Retiring in Malaysia - Malaysia Just Might Be The Place For You

Retiring in Malaysia
Kota Kinabalu, Malaysia|Kirsten Raccuia

The world is getting smaller and retiring abroad isn’t uncommon anymore. Why wouldn’t you retire elsewhere if you could create a better lifestyle, lower your cost of living, embark on an incredible adventure, or make shoveling snow a thing of the past? Whatever your reasons, Malaysia just might be the place for you.

There are so many benefits to moving to Malaysia. The climate is tropical; think Florida, hot and humid with rainy and dry seasons. It’s less humid in the dry seasons and a little more humid in the wet seasons, and there are two wet and dry seasons per year. Almost everyone speaks English, in fact, it is the first business language of the country, so it’s easy to communicate and get around. All of the road signs are also in English as well as Malay, so hiring a car as soon as you arrive and driving shouldn’t be an issue. Just remember that here, like in the UK, they drive on the left. If you are out walking about, always look right and left, and right again. There are lots of scooters on the roads here and better to be safe than sorry.

You’ll also have your choice of large chaotic cities (Kuala Lumpur), small, mellow beach towns (Kota Kinabalu), and everything in between (Penang, Ipoh, and Kuching).

The Malay, Chinese, Indian, and European ethnicities that make up Malaysia uniquely blend together, and have done so for the past 500 years. This cultural mix means that there are a lot of festivals taking place, all the time, and in reality, there are about 300 festivals per year. In fact, Malaysia has more public holidays than any other country in Southeast Asia, some 16 days per year.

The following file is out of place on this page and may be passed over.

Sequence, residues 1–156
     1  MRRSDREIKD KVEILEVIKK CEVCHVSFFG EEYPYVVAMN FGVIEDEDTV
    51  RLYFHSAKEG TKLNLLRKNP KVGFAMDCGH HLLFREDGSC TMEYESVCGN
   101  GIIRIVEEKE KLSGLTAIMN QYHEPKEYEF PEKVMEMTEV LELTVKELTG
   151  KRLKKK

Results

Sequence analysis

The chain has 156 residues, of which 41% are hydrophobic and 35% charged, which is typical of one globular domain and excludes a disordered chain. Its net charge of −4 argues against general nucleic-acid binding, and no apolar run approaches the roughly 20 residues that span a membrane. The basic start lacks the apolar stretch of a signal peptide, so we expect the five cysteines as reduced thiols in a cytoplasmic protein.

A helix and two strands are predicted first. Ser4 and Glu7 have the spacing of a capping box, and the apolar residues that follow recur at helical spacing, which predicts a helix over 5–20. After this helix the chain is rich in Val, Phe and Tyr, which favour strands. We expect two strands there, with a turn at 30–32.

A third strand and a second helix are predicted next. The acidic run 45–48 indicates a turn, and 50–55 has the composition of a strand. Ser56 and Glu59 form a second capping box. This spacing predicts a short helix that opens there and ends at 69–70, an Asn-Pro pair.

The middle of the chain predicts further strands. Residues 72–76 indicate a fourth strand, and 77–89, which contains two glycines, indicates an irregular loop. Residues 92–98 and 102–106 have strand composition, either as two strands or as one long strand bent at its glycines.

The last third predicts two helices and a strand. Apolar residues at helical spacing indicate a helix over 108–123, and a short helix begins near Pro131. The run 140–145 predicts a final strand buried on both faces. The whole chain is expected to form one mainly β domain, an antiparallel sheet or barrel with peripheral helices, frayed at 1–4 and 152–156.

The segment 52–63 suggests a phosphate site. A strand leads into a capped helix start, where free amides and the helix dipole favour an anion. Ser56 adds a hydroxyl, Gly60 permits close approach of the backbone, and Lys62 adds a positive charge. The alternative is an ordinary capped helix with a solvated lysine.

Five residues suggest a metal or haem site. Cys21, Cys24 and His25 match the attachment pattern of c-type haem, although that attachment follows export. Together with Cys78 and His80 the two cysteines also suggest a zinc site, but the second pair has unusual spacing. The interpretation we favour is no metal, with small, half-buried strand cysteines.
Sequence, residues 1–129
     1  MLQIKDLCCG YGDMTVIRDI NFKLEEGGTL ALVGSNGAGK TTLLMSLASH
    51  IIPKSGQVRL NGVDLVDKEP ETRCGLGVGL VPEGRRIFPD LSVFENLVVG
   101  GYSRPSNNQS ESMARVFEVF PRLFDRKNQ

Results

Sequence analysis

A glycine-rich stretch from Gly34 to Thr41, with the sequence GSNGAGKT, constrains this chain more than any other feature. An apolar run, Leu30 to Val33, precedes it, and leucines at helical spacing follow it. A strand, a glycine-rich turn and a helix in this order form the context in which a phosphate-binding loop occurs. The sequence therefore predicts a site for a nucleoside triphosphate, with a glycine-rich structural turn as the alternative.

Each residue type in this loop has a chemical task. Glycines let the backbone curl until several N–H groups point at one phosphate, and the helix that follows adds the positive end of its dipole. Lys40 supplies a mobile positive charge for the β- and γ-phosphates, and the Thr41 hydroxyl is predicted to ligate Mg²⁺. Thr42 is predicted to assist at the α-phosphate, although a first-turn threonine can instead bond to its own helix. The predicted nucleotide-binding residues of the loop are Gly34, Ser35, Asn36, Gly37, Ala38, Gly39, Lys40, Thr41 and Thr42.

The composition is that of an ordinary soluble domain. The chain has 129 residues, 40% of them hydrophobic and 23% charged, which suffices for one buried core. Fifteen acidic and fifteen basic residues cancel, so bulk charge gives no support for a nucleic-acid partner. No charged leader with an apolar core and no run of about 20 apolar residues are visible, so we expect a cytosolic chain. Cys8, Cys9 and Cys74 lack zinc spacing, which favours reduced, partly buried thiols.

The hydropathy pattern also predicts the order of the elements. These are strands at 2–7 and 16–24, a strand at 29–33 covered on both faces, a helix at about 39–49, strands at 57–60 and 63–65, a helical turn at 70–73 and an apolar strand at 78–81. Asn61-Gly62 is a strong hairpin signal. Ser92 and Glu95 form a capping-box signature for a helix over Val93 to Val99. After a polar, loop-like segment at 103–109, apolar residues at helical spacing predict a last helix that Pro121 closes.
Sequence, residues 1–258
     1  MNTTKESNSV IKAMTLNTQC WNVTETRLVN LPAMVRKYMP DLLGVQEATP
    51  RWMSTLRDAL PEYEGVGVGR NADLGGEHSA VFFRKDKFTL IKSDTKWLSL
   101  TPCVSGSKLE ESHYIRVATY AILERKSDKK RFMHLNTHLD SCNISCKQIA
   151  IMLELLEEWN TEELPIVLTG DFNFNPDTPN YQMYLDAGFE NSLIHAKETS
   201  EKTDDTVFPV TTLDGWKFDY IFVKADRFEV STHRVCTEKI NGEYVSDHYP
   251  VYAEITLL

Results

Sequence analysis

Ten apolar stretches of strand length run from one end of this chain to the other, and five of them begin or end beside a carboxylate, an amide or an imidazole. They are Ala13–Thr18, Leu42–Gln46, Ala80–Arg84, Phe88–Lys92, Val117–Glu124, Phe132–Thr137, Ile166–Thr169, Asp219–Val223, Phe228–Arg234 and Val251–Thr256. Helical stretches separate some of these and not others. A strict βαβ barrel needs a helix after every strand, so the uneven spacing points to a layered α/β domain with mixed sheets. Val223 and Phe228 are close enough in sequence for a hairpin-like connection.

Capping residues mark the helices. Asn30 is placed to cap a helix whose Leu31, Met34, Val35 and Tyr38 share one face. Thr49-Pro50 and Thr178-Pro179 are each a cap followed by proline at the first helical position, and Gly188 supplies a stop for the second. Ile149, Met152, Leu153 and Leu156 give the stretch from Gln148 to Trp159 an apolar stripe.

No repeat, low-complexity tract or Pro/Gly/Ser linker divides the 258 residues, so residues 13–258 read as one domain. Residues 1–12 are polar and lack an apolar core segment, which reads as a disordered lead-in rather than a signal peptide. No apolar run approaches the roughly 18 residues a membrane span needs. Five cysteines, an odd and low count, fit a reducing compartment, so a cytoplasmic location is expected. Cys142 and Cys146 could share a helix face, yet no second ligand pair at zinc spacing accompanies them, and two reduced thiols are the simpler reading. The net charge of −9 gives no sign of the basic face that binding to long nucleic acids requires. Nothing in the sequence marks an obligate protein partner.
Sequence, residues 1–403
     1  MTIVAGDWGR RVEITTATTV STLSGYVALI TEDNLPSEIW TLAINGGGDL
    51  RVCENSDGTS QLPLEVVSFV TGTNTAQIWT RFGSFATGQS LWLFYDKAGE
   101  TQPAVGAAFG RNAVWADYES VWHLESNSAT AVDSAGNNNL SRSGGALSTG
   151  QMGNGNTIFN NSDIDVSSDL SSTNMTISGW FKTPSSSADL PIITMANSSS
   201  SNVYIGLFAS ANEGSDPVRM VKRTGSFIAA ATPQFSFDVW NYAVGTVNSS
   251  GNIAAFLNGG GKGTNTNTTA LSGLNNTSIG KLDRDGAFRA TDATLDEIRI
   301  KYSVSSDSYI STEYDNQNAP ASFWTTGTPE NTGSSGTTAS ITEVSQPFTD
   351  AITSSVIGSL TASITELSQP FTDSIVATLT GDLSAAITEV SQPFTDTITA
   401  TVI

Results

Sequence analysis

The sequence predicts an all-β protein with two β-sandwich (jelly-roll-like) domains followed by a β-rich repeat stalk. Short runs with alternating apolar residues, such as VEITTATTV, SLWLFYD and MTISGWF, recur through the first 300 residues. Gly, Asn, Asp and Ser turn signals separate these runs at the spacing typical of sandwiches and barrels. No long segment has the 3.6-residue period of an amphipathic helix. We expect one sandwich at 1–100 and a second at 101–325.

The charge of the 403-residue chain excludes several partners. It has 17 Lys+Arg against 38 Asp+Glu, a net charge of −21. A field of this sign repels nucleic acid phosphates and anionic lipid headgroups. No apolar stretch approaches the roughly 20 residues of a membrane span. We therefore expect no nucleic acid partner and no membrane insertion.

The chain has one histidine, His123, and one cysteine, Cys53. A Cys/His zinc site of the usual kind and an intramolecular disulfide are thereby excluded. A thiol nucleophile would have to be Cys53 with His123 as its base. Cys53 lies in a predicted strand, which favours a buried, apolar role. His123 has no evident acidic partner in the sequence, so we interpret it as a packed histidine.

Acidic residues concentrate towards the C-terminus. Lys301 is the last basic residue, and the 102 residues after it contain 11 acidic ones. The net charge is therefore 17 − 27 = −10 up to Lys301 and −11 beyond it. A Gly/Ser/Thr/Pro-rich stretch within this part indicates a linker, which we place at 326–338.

If you are an adventurer, there are mountains to climb and oceans to dive in. Mount Kinabalu, in the state of Sabah, is the highest mountain in Malaysia rising to some 13,435 feet. It’s cold at the summit! Kinabalu National Park is also a protected UNESCO Heritage Site and is listed as the 20th most prominent mountain park in the world. Tunku Abdul Rahman National Marine Park comprises some five islands, very close to Mount Kinabalu, where you can dive and snorkel until your heart is content. It’s the perfect mountain and beach combo holiday anywhere in Asia.

Malaysia is also known for its delicious street food scene and coffee culture and if you like to travel, there are direct flights to more than 30 different countries from Kuala Lumpur and Penang international airports.

Malaysia has a retirement visa option that is one of the best in the world. “Malaysia My Second Home,” or MM2H as it’s known locally, grants expats a 10-year multiple entry visa, that is automatically renewed on its expiry at the end of the first ten years.

Anyone over 50 years of age must deposit RM150,000 ($34,883) into a bank in Malaysia of your choice (Citibank, HSBC and Standard, and Chartered seem the most popular), or prove you have a monthly income of RM10,000 ($2,350) from a government pension. If you have the government pension then the deposit wavers. If not, then you will also have to prove that you have a monthly income from investments of RM10,000 ($2,350). Keep in mind also that any money that you bring into the country is tax exempt. For the sake of the visa, you also must be in good health, you will have to pass a relatively easy medical when you arrive, and not have a criminal record.